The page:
Studies on psychiatric comorbidity among headache patients have demonstrated association of psychiatric disorder with chronic pain. Headache patients with long history and high frequency of headaches have higher prevalence of anxiety or depression. [15],[17],[18],[19],[20],[21] In our study we observed a correlation between frequency of headache and depressive disorders, however such a correlation was not found between anxiety disorders. Headaches comorbid with psychiatric disorders decrease the quality of life and result in worse prognosis, chronicity of disease and worse response to treatment. Improvement in mental health among such patients may improve the long-term pharmacotherapy of headache. [3],[21] Among drugs used for prophylactic management of migraine, beta blockers may aggravate depressive symptoms, whereas tricyclic antidepressants are beneficial in patients. [22] Thus, identifying psychiatric comorbidity is also important in selection of therapeutic agent.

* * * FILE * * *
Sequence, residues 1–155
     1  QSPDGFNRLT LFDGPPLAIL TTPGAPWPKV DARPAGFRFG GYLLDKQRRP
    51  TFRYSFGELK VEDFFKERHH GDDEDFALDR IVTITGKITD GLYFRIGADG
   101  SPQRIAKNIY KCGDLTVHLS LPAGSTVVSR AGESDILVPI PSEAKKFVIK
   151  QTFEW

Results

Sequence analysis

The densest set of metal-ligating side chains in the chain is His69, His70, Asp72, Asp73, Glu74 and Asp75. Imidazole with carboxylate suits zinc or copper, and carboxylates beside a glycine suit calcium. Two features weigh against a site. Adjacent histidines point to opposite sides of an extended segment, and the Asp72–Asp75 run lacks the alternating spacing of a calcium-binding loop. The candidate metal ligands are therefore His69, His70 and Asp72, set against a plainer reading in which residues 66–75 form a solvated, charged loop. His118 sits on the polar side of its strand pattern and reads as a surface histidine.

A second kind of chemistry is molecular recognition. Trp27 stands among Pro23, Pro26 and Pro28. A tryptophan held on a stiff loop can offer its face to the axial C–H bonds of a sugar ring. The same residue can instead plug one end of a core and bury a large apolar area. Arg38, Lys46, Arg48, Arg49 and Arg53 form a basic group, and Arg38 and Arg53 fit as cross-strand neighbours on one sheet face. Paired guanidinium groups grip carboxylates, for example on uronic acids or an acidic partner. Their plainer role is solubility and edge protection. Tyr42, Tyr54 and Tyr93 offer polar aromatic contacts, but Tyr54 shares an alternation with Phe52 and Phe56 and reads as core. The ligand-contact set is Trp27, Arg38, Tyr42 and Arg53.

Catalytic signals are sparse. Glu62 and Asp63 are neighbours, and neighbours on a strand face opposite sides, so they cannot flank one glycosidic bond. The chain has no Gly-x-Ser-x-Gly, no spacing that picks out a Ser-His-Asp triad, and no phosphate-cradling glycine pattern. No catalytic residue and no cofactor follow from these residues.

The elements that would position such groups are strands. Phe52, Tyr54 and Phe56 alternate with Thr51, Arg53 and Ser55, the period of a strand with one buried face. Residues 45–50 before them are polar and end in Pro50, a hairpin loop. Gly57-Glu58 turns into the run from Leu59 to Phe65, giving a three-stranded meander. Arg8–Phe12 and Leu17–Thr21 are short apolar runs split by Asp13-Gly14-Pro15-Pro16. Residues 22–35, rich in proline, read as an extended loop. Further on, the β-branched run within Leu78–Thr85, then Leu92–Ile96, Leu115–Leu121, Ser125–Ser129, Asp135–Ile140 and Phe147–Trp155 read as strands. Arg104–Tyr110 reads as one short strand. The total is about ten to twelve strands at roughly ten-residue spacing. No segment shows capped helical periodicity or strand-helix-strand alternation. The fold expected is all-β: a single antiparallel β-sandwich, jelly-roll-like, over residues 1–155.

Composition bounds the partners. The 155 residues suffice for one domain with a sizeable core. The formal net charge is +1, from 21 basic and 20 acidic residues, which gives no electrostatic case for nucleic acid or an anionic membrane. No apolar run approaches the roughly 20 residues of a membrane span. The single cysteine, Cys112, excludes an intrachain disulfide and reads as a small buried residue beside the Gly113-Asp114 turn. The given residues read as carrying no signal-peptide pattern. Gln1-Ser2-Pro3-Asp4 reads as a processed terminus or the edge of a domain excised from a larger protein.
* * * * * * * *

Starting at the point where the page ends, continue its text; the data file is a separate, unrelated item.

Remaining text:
Conclusion Top


The present study has shown a significant prevalence of Axis-I DSM-IV psychiatric disorders in patients with headache reporting to our tertiary care neurology clinic. We found Mini International Neuropsychiatric Interview (M.I.N.I.) was found to be short, less time consuming, valid and reliable structured clinical interview for Axis-I DSM-IV disorders that can be easy to apply in clinic setting.

 
   References Top

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    Tables

  [Table 1], [Table 2], [Table 3], [Table 4], [Table 5], [Table 6]